South Africa’s government assures citizens of free 10GB data monthly

Data struggles may become a thing of the past for all South African households, according to Ntshavheni.
During her State of The Nation Address (SONA) speech on Thursday 10 February last week, Communications Minister Khumbudzo Ntshavheni promised that every South African household will soon be getting 10GB of free data.
In her SONA speech, Ntshavheni compared data to other basic needs such as water and electricity – which is why the government has decided to give each household 10GB a month – regardless of the family’s financial background.

“Data has become a new utility like water and electricity that our home needs,” she said.

“At some point, SA households — despite whether you are rich or poor, whether you are employed or unemployed — will have access to 10GB per month without failure because that’s what this government will deliver.”

According to the minister, data – which has become a basic need – will be provided to both the rich and the poor. Here’s how it will work…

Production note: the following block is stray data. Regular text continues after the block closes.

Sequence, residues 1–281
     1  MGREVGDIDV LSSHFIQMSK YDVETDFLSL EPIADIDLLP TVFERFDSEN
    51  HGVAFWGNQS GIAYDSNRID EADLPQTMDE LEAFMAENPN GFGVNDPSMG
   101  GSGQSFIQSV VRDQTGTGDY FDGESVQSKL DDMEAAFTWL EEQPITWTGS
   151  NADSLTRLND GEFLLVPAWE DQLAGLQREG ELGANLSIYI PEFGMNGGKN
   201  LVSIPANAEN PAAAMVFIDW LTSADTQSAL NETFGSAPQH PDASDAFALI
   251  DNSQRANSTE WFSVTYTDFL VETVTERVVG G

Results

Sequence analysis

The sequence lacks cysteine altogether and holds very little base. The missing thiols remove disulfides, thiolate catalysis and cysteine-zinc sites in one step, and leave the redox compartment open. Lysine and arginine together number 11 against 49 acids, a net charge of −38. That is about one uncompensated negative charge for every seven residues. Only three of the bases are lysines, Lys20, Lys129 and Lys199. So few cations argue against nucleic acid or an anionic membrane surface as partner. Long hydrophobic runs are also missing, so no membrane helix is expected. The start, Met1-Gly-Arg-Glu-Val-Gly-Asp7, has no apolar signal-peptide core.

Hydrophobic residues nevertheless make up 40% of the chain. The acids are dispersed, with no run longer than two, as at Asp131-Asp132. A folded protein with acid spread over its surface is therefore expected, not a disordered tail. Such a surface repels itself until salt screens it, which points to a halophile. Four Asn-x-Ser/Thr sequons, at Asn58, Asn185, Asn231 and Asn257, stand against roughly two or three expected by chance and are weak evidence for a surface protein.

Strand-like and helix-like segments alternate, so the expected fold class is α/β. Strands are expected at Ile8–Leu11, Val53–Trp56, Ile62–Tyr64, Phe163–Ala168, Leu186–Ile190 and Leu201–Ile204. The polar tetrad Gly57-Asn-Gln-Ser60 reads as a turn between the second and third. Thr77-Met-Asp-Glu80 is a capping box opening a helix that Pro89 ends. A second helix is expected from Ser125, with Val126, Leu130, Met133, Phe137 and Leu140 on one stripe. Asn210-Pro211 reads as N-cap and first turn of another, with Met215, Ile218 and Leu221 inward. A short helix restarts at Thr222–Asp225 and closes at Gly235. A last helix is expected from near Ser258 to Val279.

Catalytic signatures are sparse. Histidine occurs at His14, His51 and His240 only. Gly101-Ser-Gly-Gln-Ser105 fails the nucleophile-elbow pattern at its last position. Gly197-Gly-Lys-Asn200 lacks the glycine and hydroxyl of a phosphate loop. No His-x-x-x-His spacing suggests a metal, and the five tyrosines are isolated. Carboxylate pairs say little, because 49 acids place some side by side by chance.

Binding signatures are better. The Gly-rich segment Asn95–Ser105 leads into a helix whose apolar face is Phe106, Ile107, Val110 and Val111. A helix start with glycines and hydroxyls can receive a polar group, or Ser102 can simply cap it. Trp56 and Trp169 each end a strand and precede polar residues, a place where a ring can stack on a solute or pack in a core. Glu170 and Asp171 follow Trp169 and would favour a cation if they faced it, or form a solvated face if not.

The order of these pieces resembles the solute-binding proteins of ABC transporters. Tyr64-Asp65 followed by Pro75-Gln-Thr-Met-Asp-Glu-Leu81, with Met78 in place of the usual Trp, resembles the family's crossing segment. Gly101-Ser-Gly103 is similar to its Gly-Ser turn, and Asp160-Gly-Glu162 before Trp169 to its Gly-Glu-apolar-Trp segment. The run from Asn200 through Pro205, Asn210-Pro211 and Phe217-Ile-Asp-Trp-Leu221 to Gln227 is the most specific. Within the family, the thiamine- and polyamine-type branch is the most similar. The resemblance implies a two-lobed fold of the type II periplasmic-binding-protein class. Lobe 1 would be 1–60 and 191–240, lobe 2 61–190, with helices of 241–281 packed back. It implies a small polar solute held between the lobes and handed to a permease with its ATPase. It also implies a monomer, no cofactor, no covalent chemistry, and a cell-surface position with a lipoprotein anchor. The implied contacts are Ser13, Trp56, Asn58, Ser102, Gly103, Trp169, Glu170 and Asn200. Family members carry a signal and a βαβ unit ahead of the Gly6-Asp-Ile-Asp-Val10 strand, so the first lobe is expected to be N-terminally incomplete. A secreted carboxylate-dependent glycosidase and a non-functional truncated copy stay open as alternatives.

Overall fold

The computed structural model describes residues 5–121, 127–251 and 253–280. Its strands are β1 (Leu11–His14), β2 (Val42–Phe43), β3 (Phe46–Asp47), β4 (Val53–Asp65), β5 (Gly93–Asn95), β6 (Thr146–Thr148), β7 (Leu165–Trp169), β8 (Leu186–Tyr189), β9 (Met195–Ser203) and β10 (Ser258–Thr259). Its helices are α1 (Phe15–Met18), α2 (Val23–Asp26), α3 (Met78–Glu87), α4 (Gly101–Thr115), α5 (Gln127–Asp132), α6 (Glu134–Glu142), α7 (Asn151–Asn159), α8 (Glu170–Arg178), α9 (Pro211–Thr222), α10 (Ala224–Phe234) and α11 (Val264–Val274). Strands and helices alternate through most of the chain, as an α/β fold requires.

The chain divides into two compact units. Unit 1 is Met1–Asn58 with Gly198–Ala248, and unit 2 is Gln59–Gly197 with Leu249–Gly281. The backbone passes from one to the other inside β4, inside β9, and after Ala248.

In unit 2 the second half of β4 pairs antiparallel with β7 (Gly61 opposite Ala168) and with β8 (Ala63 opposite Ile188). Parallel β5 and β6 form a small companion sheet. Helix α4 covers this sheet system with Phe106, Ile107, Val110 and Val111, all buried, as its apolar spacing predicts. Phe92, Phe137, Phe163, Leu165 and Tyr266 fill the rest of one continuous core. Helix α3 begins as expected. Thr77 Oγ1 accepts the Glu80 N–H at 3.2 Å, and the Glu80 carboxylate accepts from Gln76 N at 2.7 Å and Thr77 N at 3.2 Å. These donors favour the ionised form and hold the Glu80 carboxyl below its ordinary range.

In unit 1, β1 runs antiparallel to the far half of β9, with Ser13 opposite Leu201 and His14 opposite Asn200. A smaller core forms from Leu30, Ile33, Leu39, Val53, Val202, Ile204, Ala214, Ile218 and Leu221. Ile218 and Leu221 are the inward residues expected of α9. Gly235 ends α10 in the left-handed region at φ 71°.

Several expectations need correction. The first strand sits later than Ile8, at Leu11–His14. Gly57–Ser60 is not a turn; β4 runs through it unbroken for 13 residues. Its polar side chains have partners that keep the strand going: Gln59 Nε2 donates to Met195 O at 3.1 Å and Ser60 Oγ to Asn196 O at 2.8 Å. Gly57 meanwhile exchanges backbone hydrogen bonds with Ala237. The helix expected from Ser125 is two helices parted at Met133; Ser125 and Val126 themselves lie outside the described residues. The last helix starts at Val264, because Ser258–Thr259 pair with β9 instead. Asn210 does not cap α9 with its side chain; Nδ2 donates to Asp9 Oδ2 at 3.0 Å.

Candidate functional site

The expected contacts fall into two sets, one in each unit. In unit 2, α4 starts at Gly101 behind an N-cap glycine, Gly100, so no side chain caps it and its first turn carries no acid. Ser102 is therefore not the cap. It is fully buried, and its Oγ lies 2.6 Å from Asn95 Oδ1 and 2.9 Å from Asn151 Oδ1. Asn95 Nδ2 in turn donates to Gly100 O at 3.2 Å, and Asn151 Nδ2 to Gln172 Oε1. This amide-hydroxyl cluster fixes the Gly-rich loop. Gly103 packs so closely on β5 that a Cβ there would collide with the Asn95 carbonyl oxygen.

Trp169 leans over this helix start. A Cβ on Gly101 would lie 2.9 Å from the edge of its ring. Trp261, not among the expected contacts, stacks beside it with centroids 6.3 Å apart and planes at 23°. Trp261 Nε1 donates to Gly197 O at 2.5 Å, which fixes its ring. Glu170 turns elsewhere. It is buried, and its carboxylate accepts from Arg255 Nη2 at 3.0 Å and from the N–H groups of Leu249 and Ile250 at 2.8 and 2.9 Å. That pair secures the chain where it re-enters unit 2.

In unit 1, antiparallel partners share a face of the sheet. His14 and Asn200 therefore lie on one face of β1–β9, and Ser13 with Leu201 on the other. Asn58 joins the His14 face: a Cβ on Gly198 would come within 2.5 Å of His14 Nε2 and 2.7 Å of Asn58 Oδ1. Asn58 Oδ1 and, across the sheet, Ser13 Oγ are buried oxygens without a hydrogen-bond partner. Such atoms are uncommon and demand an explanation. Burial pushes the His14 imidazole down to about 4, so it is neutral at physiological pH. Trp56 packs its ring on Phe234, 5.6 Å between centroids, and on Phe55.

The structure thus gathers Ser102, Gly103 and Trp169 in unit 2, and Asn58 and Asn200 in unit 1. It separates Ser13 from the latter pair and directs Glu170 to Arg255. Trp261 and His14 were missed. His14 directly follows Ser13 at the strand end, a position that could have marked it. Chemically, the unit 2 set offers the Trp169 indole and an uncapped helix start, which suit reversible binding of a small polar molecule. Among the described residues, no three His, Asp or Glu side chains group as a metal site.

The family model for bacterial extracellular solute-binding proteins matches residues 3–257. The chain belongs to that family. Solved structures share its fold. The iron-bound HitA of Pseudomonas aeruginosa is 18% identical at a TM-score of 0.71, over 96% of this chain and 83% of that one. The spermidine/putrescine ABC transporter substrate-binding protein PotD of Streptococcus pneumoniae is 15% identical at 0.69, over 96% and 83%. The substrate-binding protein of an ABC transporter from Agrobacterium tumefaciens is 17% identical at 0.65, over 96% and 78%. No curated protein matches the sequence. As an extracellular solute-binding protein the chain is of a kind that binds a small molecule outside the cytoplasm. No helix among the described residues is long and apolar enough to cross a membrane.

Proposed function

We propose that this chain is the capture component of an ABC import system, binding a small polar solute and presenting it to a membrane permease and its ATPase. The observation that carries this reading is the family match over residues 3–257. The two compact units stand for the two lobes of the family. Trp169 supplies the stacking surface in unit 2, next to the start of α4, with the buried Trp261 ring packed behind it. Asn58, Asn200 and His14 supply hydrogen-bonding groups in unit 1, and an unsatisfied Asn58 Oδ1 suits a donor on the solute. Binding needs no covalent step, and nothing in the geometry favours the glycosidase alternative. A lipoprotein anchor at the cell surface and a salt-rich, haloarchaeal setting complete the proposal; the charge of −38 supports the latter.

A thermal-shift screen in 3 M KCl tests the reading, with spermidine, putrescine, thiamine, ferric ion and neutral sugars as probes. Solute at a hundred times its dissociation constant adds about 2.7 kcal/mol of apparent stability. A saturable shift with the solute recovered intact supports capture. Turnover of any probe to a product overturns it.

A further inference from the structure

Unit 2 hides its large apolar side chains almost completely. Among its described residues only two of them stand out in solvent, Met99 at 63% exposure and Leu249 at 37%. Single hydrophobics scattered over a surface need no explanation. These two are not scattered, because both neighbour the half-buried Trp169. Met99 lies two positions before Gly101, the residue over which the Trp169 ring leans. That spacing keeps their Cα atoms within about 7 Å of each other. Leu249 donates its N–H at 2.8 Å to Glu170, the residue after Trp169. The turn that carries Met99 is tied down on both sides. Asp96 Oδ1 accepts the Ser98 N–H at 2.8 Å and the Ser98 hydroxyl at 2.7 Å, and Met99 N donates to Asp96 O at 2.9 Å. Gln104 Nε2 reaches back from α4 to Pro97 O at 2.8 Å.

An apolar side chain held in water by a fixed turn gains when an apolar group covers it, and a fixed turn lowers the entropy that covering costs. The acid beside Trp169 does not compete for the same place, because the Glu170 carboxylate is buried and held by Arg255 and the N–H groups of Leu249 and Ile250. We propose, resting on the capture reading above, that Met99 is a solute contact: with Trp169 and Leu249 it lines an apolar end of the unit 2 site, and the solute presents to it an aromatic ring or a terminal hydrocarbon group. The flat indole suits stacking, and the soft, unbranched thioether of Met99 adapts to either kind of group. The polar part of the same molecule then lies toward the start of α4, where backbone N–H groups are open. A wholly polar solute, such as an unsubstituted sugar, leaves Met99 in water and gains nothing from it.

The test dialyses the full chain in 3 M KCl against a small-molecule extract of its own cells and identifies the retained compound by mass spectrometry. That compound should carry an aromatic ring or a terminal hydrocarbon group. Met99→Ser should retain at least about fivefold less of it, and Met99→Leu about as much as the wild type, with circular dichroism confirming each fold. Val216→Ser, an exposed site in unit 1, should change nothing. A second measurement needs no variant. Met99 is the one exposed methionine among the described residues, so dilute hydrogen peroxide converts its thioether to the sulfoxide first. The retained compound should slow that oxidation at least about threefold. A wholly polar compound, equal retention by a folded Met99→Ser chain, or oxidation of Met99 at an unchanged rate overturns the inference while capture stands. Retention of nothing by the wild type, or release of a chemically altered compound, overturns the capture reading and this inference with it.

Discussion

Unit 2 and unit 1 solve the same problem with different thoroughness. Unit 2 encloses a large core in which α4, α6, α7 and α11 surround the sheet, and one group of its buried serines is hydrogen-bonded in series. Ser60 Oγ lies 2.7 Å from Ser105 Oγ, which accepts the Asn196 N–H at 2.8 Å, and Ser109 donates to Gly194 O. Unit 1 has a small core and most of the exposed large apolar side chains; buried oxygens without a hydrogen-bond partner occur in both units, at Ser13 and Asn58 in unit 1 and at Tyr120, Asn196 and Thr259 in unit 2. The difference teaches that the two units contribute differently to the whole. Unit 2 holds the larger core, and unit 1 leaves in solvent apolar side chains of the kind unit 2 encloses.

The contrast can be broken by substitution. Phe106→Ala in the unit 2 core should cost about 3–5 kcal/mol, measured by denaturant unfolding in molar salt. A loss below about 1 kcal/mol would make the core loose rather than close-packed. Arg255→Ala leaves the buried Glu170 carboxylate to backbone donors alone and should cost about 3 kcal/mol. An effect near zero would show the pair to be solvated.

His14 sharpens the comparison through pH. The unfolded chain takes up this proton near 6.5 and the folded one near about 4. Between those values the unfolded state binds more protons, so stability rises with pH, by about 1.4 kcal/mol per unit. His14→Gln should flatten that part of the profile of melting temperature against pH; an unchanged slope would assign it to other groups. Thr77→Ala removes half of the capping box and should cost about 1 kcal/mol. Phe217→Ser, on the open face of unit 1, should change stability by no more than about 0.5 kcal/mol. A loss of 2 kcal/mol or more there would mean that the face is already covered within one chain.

TimesLIVE reports that indigent households currently qualify for a free 6,000 litres of water, free 50kWh of electricity, and free sewerage and sanitation.
Ntshavheni did not, however, reveal when the data rollout will take place.
During her speech, Ntshavheni also said that the emergency release of the Independent Communications Authority of SA’s (Icasa) spectrum will mean that data costs and voice communication costs will be reduced.

“This spectrum is expected to unlock economic transformation not only for the telecommunications sector but to service other industries such as mining, agriculture, and manufacturing.

According to Ntshavheni, a total of six networks, namely Cell C, MTN, Vodacom and Telkom will be bidding for the spectrum and will be required to provide connectivity to more than 18,000 schools, 5,000 clinics and hospitals, and over 8,000 offices of traditional leaders or traditional authorities that hold certificates of recognition.

“The extension of broadband to traditional authorities is part of government’s commitment to strengthen the role of traditional leaders as service delivery centres of government,” said Ntshavheni.

“In the past, we have seen the telecommunications operators ignoring social obligations and opting to pay negligible penalties instead of connecting our people.

“This time, Icasa will include the fulfilment of service obligations as part of the licensing conditions without an option of a penalty,” she said.